For what it’s worth, my own thinking about this falls fairly firmly in the latter camp. Most people, I think, collect and process information (including, unwittingly, disinformation) less for individual purposes, and more for social ones. We need to be able to talk about life and the world with our friends, colleagues, family members and neighbors. To do that effectively and harmoniously, we need to know what they know, broadly speaking, and we prefer to interpret the “facts” more or less the way they do. As a result, as soon as disinformation gets a toe-hold in a person’s social environment, it will begin to exert a gravitational pull on all of the individuals within that environment, likely overcoming whatever in-build resistance to falsehoods those individuals may or may not have — unless, as Erlich and Garner write, the social environment itself has structures of resistance and resilience.
The conclusions that I’m drawing from my weeklong immersion in disinformation studies, then, are these:
Disinformation is real, and it is impactful, but we shouldn’t be trying to measure it exclusively as an individual-level phenomenon;
Just because we see disinformation manifested in the media doesn’t mean the media is where we should focus our efforts to combat it.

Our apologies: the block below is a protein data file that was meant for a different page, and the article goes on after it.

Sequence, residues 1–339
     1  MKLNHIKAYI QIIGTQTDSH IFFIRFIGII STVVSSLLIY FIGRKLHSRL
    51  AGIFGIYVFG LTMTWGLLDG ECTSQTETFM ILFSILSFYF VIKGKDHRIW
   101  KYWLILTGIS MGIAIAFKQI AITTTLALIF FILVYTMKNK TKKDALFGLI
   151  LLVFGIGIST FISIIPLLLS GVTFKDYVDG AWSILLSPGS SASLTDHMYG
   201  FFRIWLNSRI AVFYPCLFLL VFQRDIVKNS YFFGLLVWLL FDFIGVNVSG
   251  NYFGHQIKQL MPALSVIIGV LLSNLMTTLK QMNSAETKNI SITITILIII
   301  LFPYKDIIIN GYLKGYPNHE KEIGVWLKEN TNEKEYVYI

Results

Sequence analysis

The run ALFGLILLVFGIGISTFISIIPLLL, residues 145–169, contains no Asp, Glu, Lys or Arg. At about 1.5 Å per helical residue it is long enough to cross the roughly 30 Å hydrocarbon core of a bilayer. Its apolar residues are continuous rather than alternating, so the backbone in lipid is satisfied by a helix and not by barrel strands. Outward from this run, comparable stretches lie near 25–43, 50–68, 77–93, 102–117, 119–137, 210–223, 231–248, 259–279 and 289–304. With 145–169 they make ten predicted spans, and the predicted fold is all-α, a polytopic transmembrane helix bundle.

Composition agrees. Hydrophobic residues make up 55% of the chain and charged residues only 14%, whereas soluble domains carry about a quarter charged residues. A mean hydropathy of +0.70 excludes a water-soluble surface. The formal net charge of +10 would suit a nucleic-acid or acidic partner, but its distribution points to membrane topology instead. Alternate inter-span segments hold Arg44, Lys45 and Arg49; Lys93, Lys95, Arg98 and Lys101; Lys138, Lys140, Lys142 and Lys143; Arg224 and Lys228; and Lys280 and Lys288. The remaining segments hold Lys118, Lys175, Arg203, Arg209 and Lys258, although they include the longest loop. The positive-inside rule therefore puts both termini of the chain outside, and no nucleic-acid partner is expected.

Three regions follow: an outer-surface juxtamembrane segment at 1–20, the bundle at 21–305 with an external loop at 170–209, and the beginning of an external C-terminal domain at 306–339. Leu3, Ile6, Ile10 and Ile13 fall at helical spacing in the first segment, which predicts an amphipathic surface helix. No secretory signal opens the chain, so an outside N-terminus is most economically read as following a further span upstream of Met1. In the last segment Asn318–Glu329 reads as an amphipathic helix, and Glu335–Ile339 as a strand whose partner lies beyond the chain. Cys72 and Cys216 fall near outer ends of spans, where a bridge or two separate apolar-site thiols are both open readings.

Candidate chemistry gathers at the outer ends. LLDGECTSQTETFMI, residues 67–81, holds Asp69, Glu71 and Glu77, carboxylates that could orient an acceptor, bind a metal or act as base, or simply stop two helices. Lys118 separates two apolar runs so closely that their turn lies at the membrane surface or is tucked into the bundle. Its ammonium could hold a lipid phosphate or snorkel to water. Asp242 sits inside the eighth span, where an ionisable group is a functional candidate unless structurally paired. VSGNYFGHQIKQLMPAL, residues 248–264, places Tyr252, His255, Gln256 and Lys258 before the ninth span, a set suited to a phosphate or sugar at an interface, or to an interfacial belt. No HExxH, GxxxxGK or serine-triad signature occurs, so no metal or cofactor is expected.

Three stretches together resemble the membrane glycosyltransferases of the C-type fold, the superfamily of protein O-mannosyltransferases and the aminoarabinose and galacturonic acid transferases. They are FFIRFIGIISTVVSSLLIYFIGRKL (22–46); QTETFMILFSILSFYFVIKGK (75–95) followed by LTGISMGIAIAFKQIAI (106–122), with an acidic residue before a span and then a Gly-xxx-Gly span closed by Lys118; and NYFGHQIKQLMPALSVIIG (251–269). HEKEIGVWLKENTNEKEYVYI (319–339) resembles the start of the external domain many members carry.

That last point, to me at least, is the key takeaway. The media might be the entryway for disinformation into our social systems, but it is our social systems themselves — with all of their relatively strengths and vulnerabilities — that actually do the damage. If we want to undo that damage or prevent it from happening in the future, we might want to spend less time policing the media, and more time rebuilding the bonds of solidarity that tether us to shared truths, rather than divisive lies.
What I’m reading
The bombshell this week was, of course, the interview with ex-Federal Protective Service (FSO) officer Gleb Karakulov, who fled Russia with his family in opposition to the war. Published Tuesday by the Dossier Centre, the interview provides a detailed account of how the FSO functions, how Putin himself works (at least as far as his bodyguards can observe), and Karakulov’s own story. It’s fascinating and harrowing in equal measure, even if it doesn’t really tell us anything we didn’t already know: Putin is cut off from independent sources of information, isolates himself from even his closest aides, and seems to live in fear of both literal and figurative contagion.